> It is the common practice now, Foo.apply(this, arguments) or, ...). The ES6 super(...) does something else.

It's common ES<6 practice, to do this in any method that needs to approximate super call behavior.  But it is not how ES6 super is defined.  One specific difference is that ES6 super correctly rebinds if __proto__ is used to change the [[Prototype]] of either the class prototype or the constructor object itself (which is relevant to class-side methods)

> Therefore, I propose super(...) has different semantics for constructor methods*. It should do roughly (ctr being the constructor function):

Note you are saying that (only) in constructors, super() and super.constructor() have different semantics then they do in other methods(actually we are talking about unqualified and qualified super references in general) . Or do you only want to allow unqualified super in constructors and to disallow it in ordinary methods.  eg, the following would be illegal:

class Quux extends Foo {
   someMethod() {super()} // syntax error, unqualified super in a non-constructor method}

> 1. Get [[Prototype]] of ctr into proto, fail if problem.
> 2. If proto is constructor function,
>  2.1. [[Call]]** proto with thisArg of this, and argument list equal to super(...) argument list
>  2.2. return the completion of 2.1.
> 3. Otherwise, throw.***

think about potential __proto__ rewiring issues. 
>> Allen
> Herby
> * That is, I'd like to see it in freeform constructor methods as well. Only with super(...) shortened form. It's semantics is straightforward and prompts replacing, ...) with saner super(...); of course, one must rewire Foo.__proto__ = Bar; to get this. May help the transition and understanding that class has constructor inheritance as well, not only prototype inheritance.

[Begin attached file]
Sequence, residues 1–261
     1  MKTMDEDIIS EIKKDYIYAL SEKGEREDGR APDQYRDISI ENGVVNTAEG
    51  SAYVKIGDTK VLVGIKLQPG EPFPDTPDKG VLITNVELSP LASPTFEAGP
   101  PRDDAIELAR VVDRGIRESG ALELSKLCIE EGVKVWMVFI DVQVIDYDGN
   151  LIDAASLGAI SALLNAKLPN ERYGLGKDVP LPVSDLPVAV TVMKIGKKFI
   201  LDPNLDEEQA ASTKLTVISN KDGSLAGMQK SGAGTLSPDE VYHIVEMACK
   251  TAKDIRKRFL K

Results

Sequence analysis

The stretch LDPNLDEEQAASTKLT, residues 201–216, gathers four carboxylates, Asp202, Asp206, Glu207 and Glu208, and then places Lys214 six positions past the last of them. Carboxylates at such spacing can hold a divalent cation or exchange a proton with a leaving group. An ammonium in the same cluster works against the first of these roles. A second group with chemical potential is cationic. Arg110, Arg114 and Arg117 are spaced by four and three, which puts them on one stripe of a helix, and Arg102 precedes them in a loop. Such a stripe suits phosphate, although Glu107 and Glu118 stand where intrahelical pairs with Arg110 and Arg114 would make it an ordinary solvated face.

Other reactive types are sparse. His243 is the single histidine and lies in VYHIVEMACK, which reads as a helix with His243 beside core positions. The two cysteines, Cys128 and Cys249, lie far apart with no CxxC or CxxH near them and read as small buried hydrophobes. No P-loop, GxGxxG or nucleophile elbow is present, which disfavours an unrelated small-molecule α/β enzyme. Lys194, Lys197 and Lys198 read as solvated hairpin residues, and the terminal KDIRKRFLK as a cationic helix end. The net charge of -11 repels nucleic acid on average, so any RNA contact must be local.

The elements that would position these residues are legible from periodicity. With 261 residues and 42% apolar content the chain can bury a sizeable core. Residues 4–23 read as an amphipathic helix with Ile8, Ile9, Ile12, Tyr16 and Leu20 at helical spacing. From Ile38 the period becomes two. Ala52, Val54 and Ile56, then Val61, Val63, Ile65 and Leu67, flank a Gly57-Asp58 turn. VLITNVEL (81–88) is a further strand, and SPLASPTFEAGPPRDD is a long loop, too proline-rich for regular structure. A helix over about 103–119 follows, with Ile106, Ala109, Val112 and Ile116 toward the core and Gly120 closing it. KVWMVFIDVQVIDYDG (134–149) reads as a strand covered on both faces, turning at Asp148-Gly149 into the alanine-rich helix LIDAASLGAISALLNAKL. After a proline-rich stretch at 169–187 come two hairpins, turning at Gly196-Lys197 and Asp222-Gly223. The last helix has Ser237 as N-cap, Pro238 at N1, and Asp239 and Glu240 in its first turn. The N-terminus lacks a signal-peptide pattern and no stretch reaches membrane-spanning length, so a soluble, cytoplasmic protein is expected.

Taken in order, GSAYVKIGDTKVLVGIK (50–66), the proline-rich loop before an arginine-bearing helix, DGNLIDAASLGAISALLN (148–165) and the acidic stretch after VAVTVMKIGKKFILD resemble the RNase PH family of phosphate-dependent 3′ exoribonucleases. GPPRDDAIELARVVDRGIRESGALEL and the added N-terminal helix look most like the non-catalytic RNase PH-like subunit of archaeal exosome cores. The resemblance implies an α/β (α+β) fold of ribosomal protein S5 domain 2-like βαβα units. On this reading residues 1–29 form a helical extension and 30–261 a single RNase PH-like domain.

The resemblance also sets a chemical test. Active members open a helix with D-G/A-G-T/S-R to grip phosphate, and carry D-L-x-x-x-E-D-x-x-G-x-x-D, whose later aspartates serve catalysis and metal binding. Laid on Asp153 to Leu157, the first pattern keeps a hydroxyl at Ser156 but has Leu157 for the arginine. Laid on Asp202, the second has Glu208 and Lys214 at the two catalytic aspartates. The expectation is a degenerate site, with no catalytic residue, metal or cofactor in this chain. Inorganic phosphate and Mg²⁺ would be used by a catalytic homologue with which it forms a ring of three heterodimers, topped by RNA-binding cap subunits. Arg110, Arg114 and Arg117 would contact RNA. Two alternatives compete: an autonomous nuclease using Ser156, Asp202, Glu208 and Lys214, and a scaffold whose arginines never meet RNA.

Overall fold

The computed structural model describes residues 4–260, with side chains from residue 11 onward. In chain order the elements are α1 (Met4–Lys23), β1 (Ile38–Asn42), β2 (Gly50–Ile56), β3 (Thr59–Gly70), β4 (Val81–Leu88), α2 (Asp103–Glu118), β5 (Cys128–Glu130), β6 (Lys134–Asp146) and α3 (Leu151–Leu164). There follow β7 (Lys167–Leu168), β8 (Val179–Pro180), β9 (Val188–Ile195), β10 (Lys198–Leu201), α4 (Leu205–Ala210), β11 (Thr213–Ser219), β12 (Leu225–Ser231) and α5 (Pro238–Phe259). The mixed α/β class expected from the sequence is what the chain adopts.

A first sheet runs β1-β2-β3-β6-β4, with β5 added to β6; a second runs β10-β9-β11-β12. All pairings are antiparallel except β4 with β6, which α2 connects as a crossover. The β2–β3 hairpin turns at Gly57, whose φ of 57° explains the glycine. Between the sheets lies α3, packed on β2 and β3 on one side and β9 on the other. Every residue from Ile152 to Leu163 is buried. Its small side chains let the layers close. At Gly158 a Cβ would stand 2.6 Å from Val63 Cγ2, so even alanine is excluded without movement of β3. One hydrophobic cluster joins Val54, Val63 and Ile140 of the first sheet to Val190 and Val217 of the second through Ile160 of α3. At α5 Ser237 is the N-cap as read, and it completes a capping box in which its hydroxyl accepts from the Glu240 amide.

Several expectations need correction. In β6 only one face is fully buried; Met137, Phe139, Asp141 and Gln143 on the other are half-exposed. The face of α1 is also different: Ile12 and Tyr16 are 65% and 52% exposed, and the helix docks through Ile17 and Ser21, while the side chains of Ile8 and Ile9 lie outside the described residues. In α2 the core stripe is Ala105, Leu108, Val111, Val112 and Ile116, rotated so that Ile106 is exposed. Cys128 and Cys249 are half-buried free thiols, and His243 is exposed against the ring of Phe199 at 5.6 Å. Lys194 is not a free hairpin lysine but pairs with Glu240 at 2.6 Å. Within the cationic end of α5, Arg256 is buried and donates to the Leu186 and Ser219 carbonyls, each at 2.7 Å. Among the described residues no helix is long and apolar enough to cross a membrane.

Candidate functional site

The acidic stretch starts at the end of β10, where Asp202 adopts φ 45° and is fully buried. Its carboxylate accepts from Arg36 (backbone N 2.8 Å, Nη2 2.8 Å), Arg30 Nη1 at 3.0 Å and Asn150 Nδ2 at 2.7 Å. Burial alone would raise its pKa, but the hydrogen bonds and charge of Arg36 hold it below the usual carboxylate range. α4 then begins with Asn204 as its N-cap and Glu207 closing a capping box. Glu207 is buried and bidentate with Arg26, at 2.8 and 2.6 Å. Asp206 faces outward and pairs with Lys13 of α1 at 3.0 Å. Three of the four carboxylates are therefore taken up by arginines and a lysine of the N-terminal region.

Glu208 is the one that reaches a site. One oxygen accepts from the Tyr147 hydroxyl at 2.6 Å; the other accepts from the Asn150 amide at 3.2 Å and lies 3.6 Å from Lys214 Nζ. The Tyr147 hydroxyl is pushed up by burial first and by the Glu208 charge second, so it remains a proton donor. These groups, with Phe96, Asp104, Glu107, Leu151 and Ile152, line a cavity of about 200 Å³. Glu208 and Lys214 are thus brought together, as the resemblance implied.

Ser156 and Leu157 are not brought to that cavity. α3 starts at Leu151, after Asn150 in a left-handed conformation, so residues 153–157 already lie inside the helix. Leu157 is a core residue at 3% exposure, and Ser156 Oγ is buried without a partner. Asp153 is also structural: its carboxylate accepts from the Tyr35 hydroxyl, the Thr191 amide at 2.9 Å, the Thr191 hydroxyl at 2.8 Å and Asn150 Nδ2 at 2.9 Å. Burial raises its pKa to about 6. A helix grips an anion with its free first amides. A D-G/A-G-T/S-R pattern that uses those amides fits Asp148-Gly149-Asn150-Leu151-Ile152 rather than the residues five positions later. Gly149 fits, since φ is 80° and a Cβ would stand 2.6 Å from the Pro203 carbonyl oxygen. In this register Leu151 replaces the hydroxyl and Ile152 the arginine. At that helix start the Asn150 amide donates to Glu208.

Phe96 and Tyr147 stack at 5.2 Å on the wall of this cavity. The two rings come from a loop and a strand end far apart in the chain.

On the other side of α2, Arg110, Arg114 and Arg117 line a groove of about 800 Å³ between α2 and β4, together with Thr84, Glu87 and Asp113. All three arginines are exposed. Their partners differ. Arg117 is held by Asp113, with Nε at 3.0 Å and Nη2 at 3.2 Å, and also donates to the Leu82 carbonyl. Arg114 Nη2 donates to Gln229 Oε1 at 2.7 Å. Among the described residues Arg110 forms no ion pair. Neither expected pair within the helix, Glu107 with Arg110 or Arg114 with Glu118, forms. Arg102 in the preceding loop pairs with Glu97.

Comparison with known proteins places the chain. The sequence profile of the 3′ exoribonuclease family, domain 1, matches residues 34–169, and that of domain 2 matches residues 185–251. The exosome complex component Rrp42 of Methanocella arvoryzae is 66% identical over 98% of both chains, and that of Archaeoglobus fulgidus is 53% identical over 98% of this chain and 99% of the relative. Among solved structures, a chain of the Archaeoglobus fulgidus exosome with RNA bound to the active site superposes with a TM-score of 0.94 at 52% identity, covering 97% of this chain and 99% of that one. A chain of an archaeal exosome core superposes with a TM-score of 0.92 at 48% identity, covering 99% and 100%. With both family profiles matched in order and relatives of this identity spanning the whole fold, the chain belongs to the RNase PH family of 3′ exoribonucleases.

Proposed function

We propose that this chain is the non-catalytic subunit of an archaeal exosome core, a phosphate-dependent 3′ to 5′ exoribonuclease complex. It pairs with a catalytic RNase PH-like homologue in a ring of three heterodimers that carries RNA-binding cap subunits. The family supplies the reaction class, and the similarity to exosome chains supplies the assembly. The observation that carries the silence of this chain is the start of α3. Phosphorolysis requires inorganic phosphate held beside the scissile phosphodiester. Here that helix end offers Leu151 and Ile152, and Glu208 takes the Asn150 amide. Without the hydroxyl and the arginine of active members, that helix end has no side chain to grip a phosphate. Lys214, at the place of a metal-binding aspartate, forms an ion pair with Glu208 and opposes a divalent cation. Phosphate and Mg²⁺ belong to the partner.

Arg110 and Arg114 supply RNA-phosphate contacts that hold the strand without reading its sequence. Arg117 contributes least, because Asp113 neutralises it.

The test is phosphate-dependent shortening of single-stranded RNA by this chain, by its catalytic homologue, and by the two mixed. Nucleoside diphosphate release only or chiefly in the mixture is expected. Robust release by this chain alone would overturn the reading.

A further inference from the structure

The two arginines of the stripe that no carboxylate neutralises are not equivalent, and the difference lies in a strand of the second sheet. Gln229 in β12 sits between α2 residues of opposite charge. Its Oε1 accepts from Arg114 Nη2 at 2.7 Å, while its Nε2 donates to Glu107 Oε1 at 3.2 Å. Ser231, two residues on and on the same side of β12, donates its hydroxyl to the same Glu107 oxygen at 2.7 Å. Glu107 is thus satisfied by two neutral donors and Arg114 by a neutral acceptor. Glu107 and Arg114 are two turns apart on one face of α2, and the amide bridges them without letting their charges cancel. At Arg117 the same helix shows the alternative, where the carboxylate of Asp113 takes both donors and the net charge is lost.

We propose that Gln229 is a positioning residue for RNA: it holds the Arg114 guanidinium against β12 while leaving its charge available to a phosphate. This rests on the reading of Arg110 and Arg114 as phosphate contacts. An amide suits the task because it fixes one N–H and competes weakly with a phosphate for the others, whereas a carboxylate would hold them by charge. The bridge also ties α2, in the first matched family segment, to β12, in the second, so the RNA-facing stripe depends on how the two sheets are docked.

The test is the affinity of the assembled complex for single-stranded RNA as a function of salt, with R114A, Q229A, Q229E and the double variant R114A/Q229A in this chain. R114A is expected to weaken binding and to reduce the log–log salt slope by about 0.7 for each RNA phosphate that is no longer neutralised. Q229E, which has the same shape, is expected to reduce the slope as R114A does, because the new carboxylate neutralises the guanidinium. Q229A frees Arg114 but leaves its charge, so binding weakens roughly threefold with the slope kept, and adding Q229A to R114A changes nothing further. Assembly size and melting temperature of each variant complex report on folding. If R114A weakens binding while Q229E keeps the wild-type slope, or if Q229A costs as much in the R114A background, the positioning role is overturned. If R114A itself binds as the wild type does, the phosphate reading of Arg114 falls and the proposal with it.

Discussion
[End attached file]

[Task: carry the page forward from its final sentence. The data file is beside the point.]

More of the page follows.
I'd be fine with allowing super in regular Function definitions.  Others aren't.  However, I would not want super in such declaration to make this sort of constructor usage assumption. A free standing function is just as likely to be plugged in as a "method" as it is as an constructor".  One advantage of such unqualified super references in function declarations (if we ever allow them) is that they are independent of any name in the source code.  When the function is super bound to an object (which is necessary to make super work at all) it picks up the actual property name used for that object. For example,

//hypothetical, doing things that ES6 currently does not allow:
function loggerMethod(...args) { console.log("called on ", this); return super(...args)}

Reflect.defineMethod(someInstance, "someMethod", loggerMethod);  //logs and calls super.someMethod
Reflect.defineMethod(someInstance, "anotherMethod",loggerMethod);  //logs and calls super.anotherMethod

> ** Or [[Init]] if adopted.
Unlikely, @@call + [[Call]] seem just fine.
> *** Alternatively, revert to super.constructor(...). I don't like it, though.

There are a lot of design trade-offs involved to incorporate super into ES. The issues you bring up was considered in arriving at the current design.  So far, your arguments haven't convinced me that we've made the wrong trade-offs. In fact, it has re-enforced (for me) that we have probably made the right ones.  We could go through a process that reexamining it.  But consensus is fragile (within TC39 and anywhere else) and at some point we need to be content with what we have and move on to new issues.  In this light, I really don't want to get into another round of re-engineering super.

I think you may have a reasonable point about the integrity of the Foo.prototype.constructor relationship established by class definitions.  I originally proposed that the constructor property of such prototype objects should be non-writable/non-configurable.  However, at the July meeting we decided to make it be consistent with the existing chapter 15 classes which have writable/configurable constructor properties.  There is a reasonable argument based both upon internal consistency and flexibility for monkey patching behind that decision.  I would still be fine with making them non-writable/non-configurable.  But, without that, you still have the freedom to "freeze" Foo,prototype.constructor for your Foo function if you really are worried about the integrity of super references in the constructor.  If so you probably are also worried about the integrity of all of your methods, so you might as well freeze Foo.prototype.